Near the intersection of Huronia and Lockhart you will find a few golf courses among other industrial parks, and now it’s a family- and kid-friendly area that will now service the surrounding residences with almost 1000 people.

 

 

Watch our mayor, Jeff Lehman, discuss the new park and its benefits to this South End neighbourhood and Barrie overall.

Mayor Jeff Lehman – Shalom Park Video

This is one of four new parks to be constructed this year, so keep your eyes and ears open for new developments 🙂

Laura

Laura Keller of Century 21 B.J. Roth Realty is a real estate agent with a business philosophy of nurturing relationships with her clients. She will walk you through the process of buying, selling, or investing step-by-step so there are no surprises at the end of your transaction.

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How Much Do Mortgage Brokers Cost?

October 24, 2011

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Back in the “old days,” people would usually only go to a mortgage broker when they weren’t able to find a mortgage on their own (self-employed, past bankruptcy, bad credit, insufficient income, etc) – they had usually been turned down by a bank, and needed the help of a mortgage broker to obtain financing.  The mortgage broker would arrange financing through an alternative lender or private investor, and would then charge the client a brokerage fee for his/her services.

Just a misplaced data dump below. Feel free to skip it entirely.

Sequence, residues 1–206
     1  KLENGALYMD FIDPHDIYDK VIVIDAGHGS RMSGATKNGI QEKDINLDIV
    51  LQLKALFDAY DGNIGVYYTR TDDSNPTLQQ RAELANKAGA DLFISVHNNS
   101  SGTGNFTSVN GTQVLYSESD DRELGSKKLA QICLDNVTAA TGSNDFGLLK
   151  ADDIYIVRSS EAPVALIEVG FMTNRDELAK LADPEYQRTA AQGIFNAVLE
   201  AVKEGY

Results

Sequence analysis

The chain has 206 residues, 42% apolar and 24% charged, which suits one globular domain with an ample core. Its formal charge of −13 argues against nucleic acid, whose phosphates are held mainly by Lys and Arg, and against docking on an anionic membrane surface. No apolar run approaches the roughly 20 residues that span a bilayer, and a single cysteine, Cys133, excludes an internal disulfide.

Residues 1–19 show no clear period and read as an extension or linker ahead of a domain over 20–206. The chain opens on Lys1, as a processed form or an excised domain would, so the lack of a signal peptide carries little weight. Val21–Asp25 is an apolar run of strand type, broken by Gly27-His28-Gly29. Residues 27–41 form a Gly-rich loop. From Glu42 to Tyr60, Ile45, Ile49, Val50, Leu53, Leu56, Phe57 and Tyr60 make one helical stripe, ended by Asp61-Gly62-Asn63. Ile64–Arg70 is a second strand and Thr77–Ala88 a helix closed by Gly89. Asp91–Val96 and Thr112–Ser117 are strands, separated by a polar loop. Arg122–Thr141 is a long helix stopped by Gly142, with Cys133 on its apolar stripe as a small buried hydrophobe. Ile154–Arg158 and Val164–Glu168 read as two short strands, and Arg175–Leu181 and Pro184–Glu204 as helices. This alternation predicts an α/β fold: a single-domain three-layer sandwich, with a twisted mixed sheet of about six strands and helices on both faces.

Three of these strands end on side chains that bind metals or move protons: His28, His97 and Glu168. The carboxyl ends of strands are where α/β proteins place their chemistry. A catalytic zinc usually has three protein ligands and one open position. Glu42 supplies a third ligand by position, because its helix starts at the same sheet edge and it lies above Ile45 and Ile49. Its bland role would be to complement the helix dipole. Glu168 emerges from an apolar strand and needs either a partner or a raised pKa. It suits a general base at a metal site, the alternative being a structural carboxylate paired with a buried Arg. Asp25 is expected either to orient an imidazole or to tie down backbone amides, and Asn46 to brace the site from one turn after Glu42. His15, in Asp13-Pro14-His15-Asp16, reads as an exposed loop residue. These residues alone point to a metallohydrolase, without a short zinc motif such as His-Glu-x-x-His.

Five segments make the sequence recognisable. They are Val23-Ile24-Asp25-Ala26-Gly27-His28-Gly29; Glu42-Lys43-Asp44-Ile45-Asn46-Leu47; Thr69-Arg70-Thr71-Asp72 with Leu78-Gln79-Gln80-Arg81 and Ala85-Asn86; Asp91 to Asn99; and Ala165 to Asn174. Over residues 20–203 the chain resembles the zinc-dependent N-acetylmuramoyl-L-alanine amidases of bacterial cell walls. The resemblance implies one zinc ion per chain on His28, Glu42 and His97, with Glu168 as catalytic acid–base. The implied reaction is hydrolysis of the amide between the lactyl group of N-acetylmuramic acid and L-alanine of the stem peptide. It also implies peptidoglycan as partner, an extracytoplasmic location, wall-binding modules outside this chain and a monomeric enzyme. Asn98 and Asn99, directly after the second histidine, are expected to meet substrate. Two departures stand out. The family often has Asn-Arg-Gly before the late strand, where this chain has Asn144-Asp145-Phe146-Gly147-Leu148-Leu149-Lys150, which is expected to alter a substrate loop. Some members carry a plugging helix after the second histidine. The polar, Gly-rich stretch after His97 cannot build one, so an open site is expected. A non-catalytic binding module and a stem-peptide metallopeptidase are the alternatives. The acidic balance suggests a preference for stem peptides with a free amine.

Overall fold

A couple of decades ago, many of the major financials institutions realized it was much cheaper to pay someone to bring them qualified mortgage clients rather than having a branch on every corner, with costly overhead (not to mention the high expense of training and maintaining staff).  So many banks and lenders started paying finders’ fees to mortgage brokers for qualified mortgage applications.

Today, many mortgage brokers do not charge their clients many (if any!) fees for a standard mortgage transaction, and instead rely solely on finders’ fees for their source of compensation.  It’s never a bad idea to ask a mortgage broker up front how much they charge – but in most cases, the advice and the help from a mortgage broker will usually cost you, the client, absolutely nothing (and, in many cases, will probably save you thousands of dollars!!!).

Tim

Tim is a mortgage agent in Barrie who specializes in helping first-time home buyers. He works with a variety of lenders and can help customize a mortgage with the best rates & options that fit the needs of each customer.